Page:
Recovering files

File:Example run of restore-media-file.png
Example run of restore-media-file for small-scale media recovery

In order to recover 1 or a few files (e.g. all versions from the same name) from backups it is possible to use the command line utility: restore-media-file, available on media backup worker hosts (ms-backup*). You should use a server in the same datacenter as where the backup is located (not the primary dc for Swift), as it will by default use the local backup storage for it.

The script should be run as root (technically, the only rights needed are those of the system user: mediabackup - sudo -u mediabackup restore-media-file).

The script will interactively ask for:

The script will locate, download and decrypt all chosen files to the local host filesystem after asking for confirmation (so running it from /srv/mediabackups is recommended to avoid having disk space issues, there is 200+ GB available there).

Example (see attached screenshot for a typical session)

SSH-ed to server ms-backup1001 (so the eqiad backup is used) and running restore-media-file as root from /srv/mediabackups directory:

  • A wiki is asked for: commonswiki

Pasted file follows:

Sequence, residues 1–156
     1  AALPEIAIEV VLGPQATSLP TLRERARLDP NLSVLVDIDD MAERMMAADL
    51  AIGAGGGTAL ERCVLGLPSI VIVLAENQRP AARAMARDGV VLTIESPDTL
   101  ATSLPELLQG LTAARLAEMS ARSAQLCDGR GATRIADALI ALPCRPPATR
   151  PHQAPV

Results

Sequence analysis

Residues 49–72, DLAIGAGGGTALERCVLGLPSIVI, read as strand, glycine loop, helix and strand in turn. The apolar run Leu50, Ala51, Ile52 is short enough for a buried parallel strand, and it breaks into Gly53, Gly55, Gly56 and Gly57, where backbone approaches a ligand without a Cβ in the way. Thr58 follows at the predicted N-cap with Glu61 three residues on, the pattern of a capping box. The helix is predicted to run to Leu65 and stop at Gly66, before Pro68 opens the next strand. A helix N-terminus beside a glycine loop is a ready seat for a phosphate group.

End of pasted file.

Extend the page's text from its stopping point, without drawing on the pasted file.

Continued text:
• A method of searching files: chosen 0 - by title
  • Parameters: "Crystal 128 yast backup.svg" as title. Spaces in titles will be automatically translated into underscores.
  • 4 files are presented as matching the search criteria, with their details: 1 "public" (the latest version) and 3 "archived" (previous versions). All 4 will be downloaded. Confirmation is required to proceed.
  • If you type "y" for confirmation, the files will be attempted to be downloaded from the backup storage (decrypted, if necessary) and written to the local filesystem. If there are errors (e.g. download or decryption fails) they will be logged as such (ERROR), giving details of what step couldn't be completed correctly. A total count of successful vs attempted restores is given at the end. The name of the recovered files in this case will be "Crystal_128_yast_backup.svg", "20100218201009!Crystal_128_yast_backup.svg", "20100218201250!Crystal_128_yast_backup.svg" and "20100218201411!Crystal_128_yast_backup.svg", trying to conserve the original names on production storage where possible. If a name is a duplicate, it will have additional '~' signs at the end.